Algorithms Don’t Predict the Future, They Cause the Future
We all know that algorithms determine which social media ads you see, but have you considered how they are deciding your fate? Algorithms decide who gets the job, who gets into the college and which dating candidates you see. In some companies AI performance reviews determine who gets fired and promoted. Some of the biggest moments in your life are decided by algorithms. You are being nudged if not pushed into the path determined by The Digital Fates. In this talk Cathy O’Neil reveals the bias inherent in these algorithms, raises your awareness of how it is impacting your life, and teaches you how you can opt out to avoid being fooled or left out.
How to Fix the Inherent and Unintended Risks of the Algorithms
This speech holds an important message for tech companies which create algorithms and the companies which employ them to determine pricing, customer experience, or user outcomes. In this talk, Cathy O’Neil raises awareness of how algorithms can embed inherent bias, which may end up rendering products illegal. She recommends scrutinizing the algorithms with an FDA style approach. In her risk-consulting and her talks, O’Neil helps well-intentioned organizations understand the unintended consequences of inherent bias or blindspots in their algorithms, and helps them avoid legal, PR and moral complications.
What Can Go Wrong With Metrics
Companies are squeezed by margins, tough economic conditions, and regulations…but have you thought about how the wrong metrics might be squeezing your business?
In her talk, algorithm and bias expert Cathy O’Neil, helps you examine the metrics that are deciding the fate of your business. Optimizing to those metrics - and the algorithms developed to do so - inform your access to capital, your supply chain, and the way you sell to consumers. You can understand these faulty algorithms even if you don’t have a PhD in math, and raise your awareness of how they are impacting your business.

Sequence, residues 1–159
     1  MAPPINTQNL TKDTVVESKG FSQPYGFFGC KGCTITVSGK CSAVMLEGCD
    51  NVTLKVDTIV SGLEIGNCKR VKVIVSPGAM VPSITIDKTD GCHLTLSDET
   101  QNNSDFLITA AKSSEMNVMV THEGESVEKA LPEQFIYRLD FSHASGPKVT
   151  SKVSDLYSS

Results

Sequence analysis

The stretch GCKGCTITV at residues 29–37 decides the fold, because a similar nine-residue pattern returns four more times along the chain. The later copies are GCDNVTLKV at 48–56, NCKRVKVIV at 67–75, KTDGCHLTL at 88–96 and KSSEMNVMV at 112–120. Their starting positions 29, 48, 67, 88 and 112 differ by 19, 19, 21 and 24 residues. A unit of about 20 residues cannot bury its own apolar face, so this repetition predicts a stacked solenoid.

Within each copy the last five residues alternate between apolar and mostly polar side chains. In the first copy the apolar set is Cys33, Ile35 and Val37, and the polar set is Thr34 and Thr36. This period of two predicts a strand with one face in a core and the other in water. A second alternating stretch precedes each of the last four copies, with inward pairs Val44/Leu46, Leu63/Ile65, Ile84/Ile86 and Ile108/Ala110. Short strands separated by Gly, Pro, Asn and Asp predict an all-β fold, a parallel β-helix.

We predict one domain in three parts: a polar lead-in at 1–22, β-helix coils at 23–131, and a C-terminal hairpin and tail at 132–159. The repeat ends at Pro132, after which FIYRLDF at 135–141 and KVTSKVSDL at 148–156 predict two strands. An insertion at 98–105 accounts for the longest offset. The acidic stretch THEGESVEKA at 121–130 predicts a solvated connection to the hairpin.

Bad Algorithms & The Ethical Matrix
Algorithms can embed bias, they can propagate or even exacerbate inequality, or they can just be plain inaccurate. How do we keep track of all the potential problems? How do we make sure the algorithms we build "work well"? What do we even mean by that? In this talk Cathy O'Neil will introduce the ethical matrix, a construction borrowed from moral philosophy, as a way of organizing our thoughts around important and urgent questions like these.
Cathy O'Neil's blog and Bloomberg Opinion column
With a Ph.D. in Mathematics from Harvard, a postdoctoral fellow at MIT, professorship at Barnard, and first-hand experience working through the credit crisis on Wall Street, CATHY O'NEIL provides trusted critical analysis of our ever increasing algorithmic world. O'Neil was tapped to appear as a professional in her field in The Social Dilemma, a critically-acclaimed film that explores the dangers of social networking.
To keep informed of her latest insights you can read her blog, here. > >
Cathy O'Neil in the news
Check out Cathy's Bloomberg Opinion pieces here >>
11.11.2019 “It’s This Invisible System of Harm” | Slate
Cathy O’Neil is the author of the New York Times best-selling Weapons of Math Destruction: How Big Data Increases Inequality and Threatens Democracy, which was also a semifinalist for the National Book Award. She is a columnist for Bloomberg Opinion and founded the company ORCAA, an algorithmic auditing company. O'Neil was tapped to appear as a professional in her field in The Social Dilemma, a critically-acclaimed film that explores the dangers of social networking.
She earned a Ph.D. in math from Harvard, was a postdoctoral fellow in the MIT math department, and was a professor at Barnard College where she published a number of research papers in arithmetic algebraic geometry. She then switched over to the private sector, working as a quantitative analyst for the hedge fund, D.E. Shaw, in the middle of the credit crisis, and then for RiskMetrics, a risk software company that assesses risk for the holdings of hedge funds and banks. She left finance in 2011 and started working as a data scientist in the New York start-up scene, building models that predicted people’s purchases and clicks.
Cathy wroteDoing Data Sciencein 2013 and launched the Lede Program in Data Journalism at Columbia in 2014.